A Rare Case Report of An Adult with Rapidly Progressive Glomerulonephritis secondary to Severe IgA Vasculitis

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 Background: IgA nephropathy is a common form of glomerulonephritis (GN) with an estimated incidence of two per 100,000 adults. A small portion of these cases will advance to rapidly progressive glomerulonephritis (RPGN). Risk factors include older age, purpura, elevated antistreptolysin O titer, and low complement C3 levels. A common clinical sign is gross hematuria. Significant proteinuria is also noted prompting a GN evaluation. Another common manifestation is palpable purpura. Although, this classic rash is not present in approximately 25% of cases at time of diagnosis. Diagnosis is heavily based on clinical presentation thus underscoring the need for clinical suspicion. Lab tests support diagnosis, however, the definitive method is via biopsy. Pathology will reveal leukocytoclastic vasculitis with IgA deposition. Mainstay of therapy focuses on limiting progression by reducing proteinuria to a goal of less than one gram per day. Renin-angiotensinogen-aldosterone inhibitors are initially utilized followed by the addition of glucocorticoids if excessive proteinuria persists. If RPGN develops the degree of immunosuppression is advanced. This report explores a case of IgA vasculitis in an older adult brought on by a streptococcal infection with manifestations of RPGN and palpable purpura.

Case Presentation: A 72-year-old male presented reporting generalized weakness and fatigue that worsened over a few months. Labs revealed an elevated creatinine of 12.02 and significant proteinuria. Further workup included low complement levels, equivocal PR3 ANCA level, and negative glomerular basement membrane antibody, ANA, and cryoproteins. Four of four blood cultures did return positive for Streptococcus. Antistreptolysin O and DNase-B antibodies were later found to be negative. However, given this presentation there was a high suspicion for post-streptococcal GN. Due to significant thrombocytopenia, a renal biopsy was postponed, and antibiotics continued for the bacteremia which were completed during hospitalization. The patient returned to the emergency department the day following discharge reporting a painful rash to his legs consistent with palpable purpura. ESR >140 and CRP 67.86. Biopsy revealed leukocytoclastic vasculitis. High-dose steroids were started, and arrangements were made for renal biopsy showing pauci-immune GN (ANCA vasculitis) with crescentic cells and 20% fibrosis. High-dose steroids were continued, and initiation of a more aggressive immunosuppressant was postponed until hematology/oncology evaluation. Abstract Book 14th Annual OSU-CHS Research Week 52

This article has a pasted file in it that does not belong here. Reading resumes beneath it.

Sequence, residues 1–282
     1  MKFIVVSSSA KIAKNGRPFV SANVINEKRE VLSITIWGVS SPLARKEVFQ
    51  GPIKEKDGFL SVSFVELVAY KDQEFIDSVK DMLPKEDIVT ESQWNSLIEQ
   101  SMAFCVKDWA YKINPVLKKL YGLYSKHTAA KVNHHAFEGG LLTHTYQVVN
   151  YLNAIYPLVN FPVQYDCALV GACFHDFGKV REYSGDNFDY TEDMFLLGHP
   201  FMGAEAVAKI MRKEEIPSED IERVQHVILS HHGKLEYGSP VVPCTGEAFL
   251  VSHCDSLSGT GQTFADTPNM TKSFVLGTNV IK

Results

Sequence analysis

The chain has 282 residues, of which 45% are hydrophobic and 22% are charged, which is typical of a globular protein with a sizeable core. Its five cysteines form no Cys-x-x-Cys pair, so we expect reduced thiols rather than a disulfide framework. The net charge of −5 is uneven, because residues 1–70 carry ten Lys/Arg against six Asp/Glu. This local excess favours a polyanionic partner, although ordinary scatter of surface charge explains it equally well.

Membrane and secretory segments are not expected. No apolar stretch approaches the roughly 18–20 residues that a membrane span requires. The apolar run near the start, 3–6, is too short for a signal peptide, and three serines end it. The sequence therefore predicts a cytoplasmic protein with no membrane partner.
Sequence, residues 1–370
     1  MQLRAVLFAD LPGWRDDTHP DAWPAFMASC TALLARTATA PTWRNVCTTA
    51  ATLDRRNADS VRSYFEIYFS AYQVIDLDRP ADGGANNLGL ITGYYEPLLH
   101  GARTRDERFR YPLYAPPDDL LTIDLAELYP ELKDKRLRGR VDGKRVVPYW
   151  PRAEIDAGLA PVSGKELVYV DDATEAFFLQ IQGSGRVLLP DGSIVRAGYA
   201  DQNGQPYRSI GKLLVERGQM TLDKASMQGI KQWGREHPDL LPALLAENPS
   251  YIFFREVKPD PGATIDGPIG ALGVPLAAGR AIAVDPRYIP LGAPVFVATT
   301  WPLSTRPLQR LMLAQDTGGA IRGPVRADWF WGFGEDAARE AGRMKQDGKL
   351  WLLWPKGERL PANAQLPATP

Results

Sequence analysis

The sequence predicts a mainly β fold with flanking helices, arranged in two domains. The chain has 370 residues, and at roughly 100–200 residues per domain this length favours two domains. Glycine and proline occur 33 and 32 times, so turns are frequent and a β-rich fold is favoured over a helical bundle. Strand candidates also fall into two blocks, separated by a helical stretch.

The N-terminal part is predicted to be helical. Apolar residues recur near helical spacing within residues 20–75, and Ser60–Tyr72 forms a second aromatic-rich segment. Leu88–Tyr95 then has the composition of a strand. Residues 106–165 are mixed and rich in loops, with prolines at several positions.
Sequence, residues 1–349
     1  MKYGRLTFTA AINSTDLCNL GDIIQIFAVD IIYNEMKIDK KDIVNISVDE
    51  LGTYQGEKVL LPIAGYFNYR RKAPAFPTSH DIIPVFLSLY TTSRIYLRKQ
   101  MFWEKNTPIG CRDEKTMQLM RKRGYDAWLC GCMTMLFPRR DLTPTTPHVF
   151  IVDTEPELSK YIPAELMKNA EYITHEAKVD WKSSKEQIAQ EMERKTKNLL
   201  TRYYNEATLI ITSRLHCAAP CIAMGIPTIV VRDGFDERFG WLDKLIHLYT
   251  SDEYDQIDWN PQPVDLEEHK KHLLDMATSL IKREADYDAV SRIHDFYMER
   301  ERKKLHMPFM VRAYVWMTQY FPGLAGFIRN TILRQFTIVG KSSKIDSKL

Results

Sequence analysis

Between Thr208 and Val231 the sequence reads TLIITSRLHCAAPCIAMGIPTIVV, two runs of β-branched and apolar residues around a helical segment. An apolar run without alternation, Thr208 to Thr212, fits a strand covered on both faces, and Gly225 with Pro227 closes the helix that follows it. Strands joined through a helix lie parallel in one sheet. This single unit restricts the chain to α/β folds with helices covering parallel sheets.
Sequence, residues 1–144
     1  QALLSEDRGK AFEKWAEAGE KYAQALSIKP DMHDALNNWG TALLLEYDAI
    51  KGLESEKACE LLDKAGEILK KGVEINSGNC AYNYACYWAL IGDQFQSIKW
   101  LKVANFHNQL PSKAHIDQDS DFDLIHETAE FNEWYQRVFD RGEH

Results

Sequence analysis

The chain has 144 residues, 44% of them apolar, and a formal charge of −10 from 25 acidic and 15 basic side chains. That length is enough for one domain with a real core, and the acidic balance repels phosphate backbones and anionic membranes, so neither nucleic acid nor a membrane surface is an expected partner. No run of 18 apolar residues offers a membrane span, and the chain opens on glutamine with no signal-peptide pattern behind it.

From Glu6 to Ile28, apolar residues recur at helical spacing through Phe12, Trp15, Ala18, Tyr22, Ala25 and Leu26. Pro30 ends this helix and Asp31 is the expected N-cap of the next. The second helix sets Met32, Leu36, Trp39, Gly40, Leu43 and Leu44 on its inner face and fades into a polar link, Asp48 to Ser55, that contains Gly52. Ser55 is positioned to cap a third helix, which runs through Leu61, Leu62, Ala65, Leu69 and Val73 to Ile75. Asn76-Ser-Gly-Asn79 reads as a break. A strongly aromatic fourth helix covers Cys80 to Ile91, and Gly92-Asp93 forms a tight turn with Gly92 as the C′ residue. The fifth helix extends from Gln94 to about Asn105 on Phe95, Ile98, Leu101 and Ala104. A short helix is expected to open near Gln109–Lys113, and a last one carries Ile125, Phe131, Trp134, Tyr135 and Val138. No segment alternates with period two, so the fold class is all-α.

Discussion: This case presents a unique example of IgA vasculitis with progression to RPGN following a streptococcal infection and the use of high-dose steroids in an effort to prevent the progression to end stage renal disease (ESRD). Unfortunately, this patient did become hemodialysis dependent. Though rare in adults, clinical trials have shown worse outcomes with the use of glucocorticoids including progression to ESRD and long-term gastrointestinal side effects. This probes the necessity for re-evaluation of high-dose steroids use in moderate-to-severe episodes of IgA vasculitis versus the use of other treatments such as rituximab, cyclophosphamide, and mycophenolate mofetil.
Original languageAmerican English
StatePublished - 17 Feb 2023
EventOklahoma State University Center for Health Sciences Research Week 2023 - Oklahoma State University Center for Health Sciences, 1111 W. 17th street, Tulsa, United States
Duration: 13 Feb 202317 Feb 2023


ConferenceOklahoma State University Center for Health Sciences Research Week 2023
Country/TerritoryUnited States
Internet address


  • vasculitis
  • IgA nephropathy
  • rapidly progressive glomerulonephritis


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